Best Ohio Disability Discrimination Lawyer Reply: Can I be rejected for a job simply because I am deaf? What if a perspective employer claims my hearing impairment creates a risk at work? How do I prove a claim of disability discrimination against my employer?
Disability discrimination laws protect disabled employees not only from being fired (wrongful termination) and discrimination on the job, but also makes sure that they have the same opportunities to be hired. The Americans with Disabilities Act (“ADA“) makes it unlawful for employers to discriminate against “a qualified individual on the basis of disability in regard to . . . terms, conditions, and privileges of employment.”
There is no doubt that those who have hearing impairments face an uphill battle in finding employment. There have been numerous instances of employers finding ways to deny employment to deaf applicants. A wide majority of those instances involve the employer finding out through the application process that an applicant is deaf, and then fabricating reasons why a deaf employee would pose risks in the workplace. Sadly, many of these applicants are absolutely qualified for the position and are simply discriminated against due to their disability. It is incredibly important, especially in light of a recent Tenth Circuit Court of Appeal decision, that applicants that face discrimination because of a hearing impairment do not simply accept the discrimination without seeking a lawyer and fighting back.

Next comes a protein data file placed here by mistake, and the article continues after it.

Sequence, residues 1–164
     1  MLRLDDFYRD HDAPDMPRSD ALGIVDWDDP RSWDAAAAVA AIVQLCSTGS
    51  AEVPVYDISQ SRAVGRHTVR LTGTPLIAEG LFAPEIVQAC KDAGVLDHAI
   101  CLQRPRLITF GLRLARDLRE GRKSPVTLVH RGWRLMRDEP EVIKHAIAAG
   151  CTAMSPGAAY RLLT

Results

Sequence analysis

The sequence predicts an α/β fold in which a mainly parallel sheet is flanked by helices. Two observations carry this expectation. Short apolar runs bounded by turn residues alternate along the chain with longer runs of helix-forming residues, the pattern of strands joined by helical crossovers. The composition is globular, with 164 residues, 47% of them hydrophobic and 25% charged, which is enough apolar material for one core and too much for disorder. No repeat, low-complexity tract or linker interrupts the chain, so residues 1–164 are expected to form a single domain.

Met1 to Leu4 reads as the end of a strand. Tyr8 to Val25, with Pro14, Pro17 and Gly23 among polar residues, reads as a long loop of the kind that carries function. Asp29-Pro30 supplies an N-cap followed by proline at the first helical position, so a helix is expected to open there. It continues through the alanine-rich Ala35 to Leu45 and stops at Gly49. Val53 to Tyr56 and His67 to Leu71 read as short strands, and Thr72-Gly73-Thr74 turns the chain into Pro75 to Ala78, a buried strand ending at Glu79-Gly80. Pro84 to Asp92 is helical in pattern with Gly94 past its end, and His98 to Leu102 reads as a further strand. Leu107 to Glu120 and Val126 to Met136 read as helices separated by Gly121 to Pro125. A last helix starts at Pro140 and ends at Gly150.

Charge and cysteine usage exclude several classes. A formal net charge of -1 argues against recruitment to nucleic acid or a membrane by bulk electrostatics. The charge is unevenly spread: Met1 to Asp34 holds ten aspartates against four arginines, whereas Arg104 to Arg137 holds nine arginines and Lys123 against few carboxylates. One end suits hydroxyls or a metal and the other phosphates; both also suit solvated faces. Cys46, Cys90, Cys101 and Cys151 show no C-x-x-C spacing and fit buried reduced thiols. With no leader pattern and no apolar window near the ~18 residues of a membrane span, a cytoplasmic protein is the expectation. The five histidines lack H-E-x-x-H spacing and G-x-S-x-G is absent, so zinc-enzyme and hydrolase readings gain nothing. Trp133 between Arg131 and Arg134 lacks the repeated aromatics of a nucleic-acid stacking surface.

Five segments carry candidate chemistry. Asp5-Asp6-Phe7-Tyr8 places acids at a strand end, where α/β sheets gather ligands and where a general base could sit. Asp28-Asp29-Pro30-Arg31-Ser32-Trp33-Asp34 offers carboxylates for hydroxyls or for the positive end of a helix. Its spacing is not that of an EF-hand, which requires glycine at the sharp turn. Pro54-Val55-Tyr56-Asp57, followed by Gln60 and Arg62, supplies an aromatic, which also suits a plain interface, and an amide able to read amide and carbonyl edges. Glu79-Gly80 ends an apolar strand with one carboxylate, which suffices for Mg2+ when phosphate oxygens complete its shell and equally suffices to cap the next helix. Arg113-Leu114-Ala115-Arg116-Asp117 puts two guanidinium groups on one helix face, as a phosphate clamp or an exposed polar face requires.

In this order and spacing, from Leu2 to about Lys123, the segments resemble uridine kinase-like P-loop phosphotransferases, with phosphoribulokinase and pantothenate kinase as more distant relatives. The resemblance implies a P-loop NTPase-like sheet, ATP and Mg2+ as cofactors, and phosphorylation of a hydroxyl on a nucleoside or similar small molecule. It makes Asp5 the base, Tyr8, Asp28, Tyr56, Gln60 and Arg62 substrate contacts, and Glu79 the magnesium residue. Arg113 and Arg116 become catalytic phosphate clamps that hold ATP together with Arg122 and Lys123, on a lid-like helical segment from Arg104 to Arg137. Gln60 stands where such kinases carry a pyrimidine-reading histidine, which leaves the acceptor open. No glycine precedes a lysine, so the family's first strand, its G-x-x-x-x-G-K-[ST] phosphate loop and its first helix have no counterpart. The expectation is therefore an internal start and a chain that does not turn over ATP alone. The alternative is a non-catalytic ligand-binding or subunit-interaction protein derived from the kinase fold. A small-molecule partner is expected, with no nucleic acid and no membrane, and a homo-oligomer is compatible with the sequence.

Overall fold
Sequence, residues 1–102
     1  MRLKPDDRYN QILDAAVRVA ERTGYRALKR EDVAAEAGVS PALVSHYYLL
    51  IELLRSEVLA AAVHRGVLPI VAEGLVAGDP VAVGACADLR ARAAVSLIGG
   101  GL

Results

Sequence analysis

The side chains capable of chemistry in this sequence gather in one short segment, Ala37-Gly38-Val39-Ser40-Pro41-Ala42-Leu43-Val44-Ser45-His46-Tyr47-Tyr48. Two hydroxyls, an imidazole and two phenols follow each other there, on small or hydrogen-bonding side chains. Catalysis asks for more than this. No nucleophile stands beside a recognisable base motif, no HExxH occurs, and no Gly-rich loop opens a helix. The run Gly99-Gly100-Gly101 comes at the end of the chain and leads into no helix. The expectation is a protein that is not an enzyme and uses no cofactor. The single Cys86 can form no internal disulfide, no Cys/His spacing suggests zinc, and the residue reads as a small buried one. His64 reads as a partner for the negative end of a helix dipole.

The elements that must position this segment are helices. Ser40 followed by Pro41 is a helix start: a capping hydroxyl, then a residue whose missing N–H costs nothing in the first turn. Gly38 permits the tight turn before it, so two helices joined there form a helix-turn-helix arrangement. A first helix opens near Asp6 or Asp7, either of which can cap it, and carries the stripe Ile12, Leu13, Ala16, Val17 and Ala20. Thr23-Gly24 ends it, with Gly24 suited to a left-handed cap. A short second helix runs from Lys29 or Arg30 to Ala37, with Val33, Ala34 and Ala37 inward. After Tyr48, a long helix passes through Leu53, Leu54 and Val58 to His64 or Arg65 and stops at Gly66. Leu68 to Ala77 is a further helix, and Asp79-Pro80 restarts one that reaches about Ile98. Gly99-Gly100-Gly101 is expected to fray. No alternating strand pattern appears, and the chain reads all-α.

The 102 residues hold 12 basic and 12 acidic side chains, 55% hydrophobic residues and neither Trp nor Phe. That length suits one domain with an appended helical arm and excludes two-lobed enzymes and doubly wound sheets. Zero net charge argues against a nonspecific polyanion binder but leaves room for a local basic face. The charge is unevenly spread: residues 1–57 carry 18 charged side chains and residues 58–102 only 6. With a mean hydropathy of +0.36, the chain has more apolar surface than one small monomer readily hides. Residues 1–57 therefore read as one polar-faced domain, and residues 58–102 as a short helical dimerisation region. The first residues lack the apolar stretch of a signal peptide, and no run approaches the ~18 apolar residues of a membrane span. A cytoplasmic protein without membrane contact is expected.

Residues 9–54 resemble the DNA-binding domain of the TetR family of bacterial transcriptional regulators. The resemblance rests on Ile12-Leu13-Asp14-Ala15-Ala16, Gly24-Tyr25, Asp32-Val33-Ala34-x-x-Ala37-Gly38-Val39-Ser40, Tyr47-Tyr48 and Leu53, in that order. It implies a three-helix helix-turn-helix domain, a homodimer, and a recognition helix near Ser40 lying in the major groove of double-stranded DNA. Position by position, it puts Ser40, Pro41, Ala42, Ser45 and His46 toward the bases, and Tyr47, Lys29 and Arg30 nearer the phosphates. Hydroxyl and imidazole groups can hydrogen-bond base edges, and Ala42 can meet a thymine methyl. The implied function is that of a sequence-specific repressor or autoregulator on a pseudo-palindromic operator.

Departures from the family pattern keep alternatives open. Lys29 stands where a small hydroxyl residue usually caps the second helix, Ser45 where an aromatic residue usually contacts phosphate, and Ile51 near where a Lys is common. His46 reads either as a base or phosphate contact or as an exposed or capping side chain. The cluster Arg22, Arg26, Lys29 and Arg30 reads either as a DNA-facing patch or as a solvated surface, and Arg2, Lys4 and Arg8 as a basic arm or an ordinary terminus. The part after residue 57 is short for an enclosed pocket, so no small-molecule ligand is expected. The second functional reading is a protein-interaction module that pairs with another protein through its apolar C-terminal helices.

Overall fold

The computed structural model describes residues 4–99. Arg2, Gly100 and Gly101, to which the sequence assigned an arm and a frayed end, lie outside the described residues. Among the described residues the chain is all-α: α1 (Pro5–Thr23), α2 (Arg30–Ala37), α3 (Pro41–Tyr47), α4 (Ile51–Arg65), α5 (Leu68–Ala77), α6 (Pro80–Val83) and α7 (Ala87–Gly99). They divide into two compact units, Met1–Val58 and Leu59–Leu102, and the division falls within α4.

In Osborne v. Baxter Healthcare Corp., an applicant with a hearing impairment applied for a job at Baxter’s plasma center. The applicant, Kelly Osborne, went through two interviews and was subsequently given a conditional offer of employment pending a background check. At some point after giving Ms. Osborne a conditional offer, Baxter discovered that she was legally deaf. Instead of quickly realizing that Ms. Osborne could perform all functions of her job even with her disability, Baxter rescinded the offer for the express reason that Ms. Osborne was deaf:
After receiving Ms. Osborne’s medical paperwork, BioLife’s human resources department—which is based in Illinois—determined she could not safely monitor the donor area of the facility because she could not hear the audible alarms on the plasmapheresis machines, which sound when something goes wrong or needs attention. When Ms. Osborne reported to work in September 2008, Mr. Elder informed her that, because of safety issues, BioLife had rescinded her offer of employment. Ms. Osborne contacted BioLife, and Melissa Grabiner, a Staffing Manager, explained in an email that BioLife could not hire her as a PCT because she would be unable to hear audible alarms on the plasmapheresis machines and could not safely monitor donors.